Rose Festival (hmmm . . . a nom-de-plume, perhaps?] of Seattle weighed in on some screen stars as she encountered them personally. She observed that Mae Murray (age 43, it might be added) was “disillusioning” because “her once piquant face is now a perfect sphere” and “her beautiful body thickened almost to the point of top-heaviness.” Gilbert Roland passed muster with his “wonderful eyes, a close second to those famed [John] Gilbert orbs.” Bebe Daniels was appraised with “What style! What charm!” and “superlatives fail me in regard to Bebe.”
Thomas Meighan was deemed “very unassuming” and “looks much younger in person,” though “there is nothing distinctive about him,” while Francis X. Bushman was “the most charming man-of-the-world type I have encountered” and “He is fascinating!” He was more handsome in the flesh and “exceedingly virile.” As to Rod La Rocque, Festival exclaimed, “Again superlatives fail me,” as his heights, stylish dress and flashing eyes” were such that “my allegiance to Ronald Colman almost deserted me when I first saw Rod in person” and “oh, how I envied Vilma [Banky, La Rocque’s famous actor spouse.]”
Other writers offered their fan-views on Rudolph Valentino (never to be forgotten, declared Conrad Arnold of St. Paul, Minnesota); Lionel Barrymore (“who has never given a mediocre performance,” insisted Anne); Joan Crawford (“I predict that before long we shall see her acclaimed—and rightfully— as the greatest emotional artist ever known,” wrote S. Bowden of Stockport, England, outside of Manchester (the address is real—we checked!); and a couple touting the talents of William Haines, among many others.
As to features, “Behind Locked Doors” by Myrtle Gebhart concerned Mary Philbin, deemed “still as innocent as a child” and always under the watchful eye of “her gallant guardian,” Universal Studios official Paul Kohner—naturally, the magazine did not discuss their romantic relationship, which dated back several years, but did not lead to marriage because he was Jewish and she was a devout Catholic.”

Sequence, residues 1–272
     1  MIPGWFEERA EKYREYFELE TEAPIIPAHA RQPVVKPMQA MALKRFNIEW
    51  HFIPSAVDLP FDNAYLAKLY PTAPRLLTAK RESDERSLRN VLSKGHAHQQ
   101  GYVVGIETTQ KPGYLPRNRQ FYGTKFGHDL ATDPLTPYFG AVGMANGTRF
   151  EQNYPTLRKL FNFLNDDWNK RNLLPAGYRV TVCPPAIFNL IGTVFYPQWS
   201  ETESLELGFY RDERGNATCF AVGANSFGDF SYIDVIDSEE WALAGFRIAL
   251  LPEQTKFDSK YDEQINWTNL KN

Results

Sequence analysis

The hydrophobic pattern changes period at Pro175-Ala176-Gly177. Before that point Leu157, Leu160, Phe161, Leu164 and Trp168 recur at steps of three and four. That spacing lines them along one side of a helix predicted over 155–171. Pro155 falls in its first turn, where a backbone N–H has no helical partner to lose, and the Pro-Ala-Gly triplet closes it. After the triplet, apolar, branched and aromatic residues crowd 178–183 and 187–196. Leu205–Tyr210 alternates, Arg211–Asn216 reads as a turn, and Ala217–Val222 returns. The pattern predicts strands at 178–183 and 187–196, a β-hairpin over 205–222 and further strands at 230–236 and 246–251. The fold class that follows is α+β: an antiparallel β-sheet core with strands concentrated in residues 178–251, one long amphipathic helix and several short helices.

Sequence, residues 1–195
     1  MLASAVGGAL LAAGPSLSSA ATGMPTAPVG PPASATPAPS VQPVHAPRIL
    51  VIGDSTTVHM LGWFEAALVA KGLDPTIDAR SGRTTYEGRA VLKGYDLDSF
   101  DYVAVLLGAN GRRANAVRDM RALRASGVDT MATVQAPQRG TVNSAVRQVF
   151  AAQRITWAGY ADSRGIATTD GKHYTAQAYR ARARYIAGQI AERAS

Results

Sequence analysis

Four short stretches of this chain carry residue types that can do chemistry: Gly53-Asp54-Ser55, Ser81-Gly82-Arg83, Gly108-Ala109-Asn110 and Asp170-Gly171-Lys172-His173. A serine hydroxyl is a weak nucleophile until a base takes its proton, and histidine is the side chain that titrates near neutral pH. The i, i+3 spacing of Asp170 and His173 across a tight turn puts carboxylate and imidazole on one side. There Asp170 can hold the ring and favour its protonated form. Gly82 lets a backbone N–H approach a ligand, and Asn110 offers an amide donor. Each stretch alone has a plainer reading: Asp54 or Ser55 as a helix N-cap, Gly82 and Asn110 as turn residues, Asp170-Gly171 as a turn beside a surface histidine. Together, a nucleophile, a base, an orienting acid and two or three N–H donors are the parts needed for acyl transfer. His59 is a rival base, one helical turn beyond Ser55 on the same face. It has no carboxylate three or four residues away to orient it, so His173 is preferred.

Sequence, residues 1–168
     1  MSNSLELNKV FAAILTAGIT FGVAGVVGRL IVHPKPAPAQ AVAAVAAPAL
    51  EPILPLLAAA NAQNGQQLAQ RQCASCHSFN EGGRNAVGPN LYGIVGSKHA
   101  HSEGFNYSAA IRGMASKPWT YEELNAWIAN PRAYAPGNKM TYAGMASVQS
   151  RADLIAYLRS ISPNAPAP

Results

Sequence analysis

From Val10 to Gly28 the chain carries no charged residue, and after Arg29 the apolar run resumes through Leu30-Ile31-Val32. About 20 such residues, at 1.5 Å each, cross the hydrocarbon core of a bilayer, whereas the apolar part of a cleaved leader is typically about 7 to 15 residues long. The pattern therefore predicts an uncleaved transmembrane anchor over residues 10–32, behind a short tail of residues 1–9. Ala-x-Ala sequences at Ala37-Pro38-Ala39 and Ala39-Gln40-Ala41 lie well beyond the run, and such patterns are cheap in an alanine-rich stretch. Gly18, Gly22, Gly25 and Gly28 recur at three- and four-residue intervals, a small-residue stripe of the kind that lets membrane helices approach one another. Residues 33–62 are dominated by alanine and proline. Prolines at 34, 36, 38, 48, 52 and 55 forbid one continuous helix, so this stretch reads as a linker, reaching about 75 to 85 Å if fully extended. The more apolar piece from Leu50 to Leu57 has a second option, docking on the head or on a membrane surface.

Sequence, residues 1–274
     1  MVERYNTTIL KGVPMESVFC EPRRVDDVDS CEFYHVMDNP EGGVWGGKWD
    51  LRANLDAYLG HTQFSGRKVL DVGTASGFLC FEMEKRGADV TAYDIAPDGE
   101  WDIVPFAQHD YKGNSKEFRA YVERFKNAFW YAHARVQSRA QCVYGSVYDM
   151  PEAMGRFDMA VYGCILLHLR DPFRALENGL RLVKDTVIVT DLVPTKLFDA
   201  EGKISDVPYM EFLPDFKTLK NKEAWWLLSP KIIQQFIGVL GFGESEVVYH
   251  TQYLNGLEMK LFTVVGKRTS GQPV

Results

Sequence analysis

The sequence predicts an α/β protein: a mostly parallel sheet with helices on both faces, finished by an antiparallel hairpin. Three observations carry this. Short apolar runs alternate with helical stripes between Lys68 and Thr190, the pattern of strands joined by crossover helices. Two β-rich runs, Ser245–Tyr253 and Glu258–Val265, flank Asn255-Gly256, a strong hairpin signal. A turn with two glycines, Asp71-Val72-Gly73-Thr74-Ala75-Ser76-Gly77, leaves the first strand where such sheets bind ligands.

Philbin was quoted as saying that “other girls aren’t protected as I am,” though she was described as full of “a new nervous tension” and her comments came across as flighty, while Kohner asserted, “Mary will be the screen’s greatest character actress,” though only two years later, Philbin, best known for starring with Lon Chaney in 1925’s The Phantom of the Opera, left movies and rarely appeared in public before her death in 1993 (she lived unobtrusively in Huntington Beach at the time.)
Speaking of La Rocque, a feature by Alma Talley titled “All for the Love of Vilma” went into great detail about the deep love between the two actors. La Rocque was quoted as saying “there were thousands of movies, but only one Vilma” and it was reported that, after their lavish, industry-filled 1927 marriage and their plans to visit her family in Budapest were thwarted by his packed filming schedule, she had to go alone.
At this, he said, “I looked at her eyes, at her hair. And I thought, ‘I won’t see her again for six weeks,” and they both dissolved into sobbing fits. Lest anyone think this was studio publicity machine fodder, it turned out that La Rocque and Banky, who had no children, remained married for over four decades, until his death in 1969 and she survived him by more than twenty years, dying in 1991.
“The Bystander” was the byline for the scribe of “Over the Teacups,” with gossip aplenty from the Gainsborough Beauty Shop, owned by Edna Flugrath Shaw, the sister of actor Viola Dana and a former film actor. The piece went into depth about the hairstyles, makeup and other treatments accorded to such performers as Dove, Nancy Carroll, Lupe Vélez (“with all her fire and dash”) and many more, while it noted, for example, that impresario Cecil B. DeMille “always demands perfection in every detail” for his female actors. In the fashion arena, “A Young Girl’s Fancy” shows images of ten fashionably-dressed screen stars, from Marceline Day to Ruth Taylor to Loretta Young to Anna May Wong, the only Asian woman actor to achieve renown in film at the time.